The Massachusetts Department of Health announced two new cases of Eastern equine encephalitis -- more often known by the acronym EEE -- have been confirmed on Friday.
These new cases, which include a woman in her 60s and a young girl from the town of Sudbury, are in addition to the five cases previously reported in the state, which include one death, according to State Epidemiologist Dr. Catherine Brown.
Sudbury officials confirmed the girl is 5 years old and is at a hospital in critical condition.
The total number of human cases of EEE this year in Massachusetts is now at seven. Though Brown said seven cases was considered a lot, it is not a lot historically.
The most recent outbreaks occurred from 2004-2006 and 2010-2012 were 22 human cases were confirmed. However, there could be more cases before the season ends, and Brown said that more fatalities are possible.
"Even though temperatures have cooled off, it is not unusual to see human EEE cases confirmed in September," Massachusetts Public Health Commissioner Dr. Monica Bharel said in a statement. "This is why we continue to urge the public to take seriously the threat that mosquitos can pose and to take steps to avoid being bitten."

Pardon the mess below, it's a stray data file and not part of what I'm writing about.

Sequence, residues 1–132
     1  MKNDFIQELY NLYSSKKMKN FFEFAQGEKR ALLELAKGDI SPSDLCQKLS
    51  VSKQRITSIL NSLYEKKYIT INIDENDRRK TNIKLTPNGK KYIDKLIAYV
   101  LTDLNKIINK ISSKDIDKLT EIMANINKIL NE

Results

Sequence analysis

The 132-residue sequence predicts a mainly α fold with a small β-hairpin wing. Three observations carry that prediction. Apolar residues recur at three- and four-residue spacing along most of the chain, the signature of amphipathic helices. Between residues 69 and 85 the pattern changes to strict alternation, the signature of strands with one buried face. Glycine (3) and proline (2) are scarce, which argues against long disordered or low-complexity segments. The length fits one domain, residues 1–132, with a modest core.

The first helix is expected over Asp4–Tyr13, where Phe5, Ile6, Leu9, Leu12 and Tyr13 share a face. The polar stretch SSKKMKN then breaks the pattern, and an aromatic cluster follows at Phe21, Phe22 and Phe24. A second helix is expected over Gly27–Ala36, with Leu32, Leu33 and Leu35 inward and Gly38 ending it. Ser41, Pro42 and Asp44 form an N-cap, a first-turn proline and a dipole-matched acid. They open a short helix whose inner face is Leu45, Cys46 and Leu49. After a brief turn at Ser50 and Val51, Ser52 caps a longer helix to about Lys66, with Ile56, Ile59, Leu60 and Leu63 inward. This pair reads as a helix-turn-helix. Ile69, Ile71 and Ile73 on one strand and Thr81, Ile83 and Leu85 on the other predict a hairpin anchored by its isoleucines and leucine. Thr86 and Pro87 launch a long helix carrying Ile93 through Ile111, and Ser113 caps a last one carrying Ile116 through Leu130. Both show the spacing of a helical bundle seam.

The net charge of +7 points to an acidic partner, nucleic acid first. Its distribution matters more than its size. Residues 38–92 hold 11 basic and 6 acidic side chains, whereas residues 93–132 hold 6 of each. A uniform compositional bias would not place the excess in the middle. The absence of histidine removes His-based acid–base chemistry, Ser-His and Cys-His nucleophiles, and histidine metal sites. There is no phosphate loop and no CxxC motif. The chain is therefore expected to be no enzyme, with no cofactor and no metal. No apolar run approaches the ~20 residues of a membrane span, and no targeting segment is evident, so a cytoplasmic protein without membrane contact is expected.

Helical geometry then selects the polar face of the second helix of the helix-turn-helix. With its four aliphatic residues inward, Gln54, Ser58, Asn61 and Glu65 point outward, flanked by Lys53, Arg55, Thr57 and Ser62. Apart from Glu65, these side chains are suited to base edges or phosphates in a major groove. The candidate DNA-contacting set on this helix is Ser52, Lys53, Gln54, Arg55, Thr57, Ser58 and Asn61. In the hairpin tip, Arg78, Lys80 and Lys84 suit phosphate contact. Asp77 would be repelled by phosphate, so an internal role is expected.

Thirty-six Massachusetts communities are now at critical risk, 42 are now at high risk and 115 are now at moderate risk for EEE, according to the state health department. Additional cases of the virus have been confirmed in animals this year in Massachusetts: eight horses and one goat.
EEE is rare and potentially fatal.
Typically, only 5 to 10 human cases are reported every year, but about 30% of all cases result in death, according to the US Centers for Disease Control and Prevention.
Health officials recommend preventing mosquito bites in order to combat EEE, such as bug spray, full coverage clothing, and staying inside.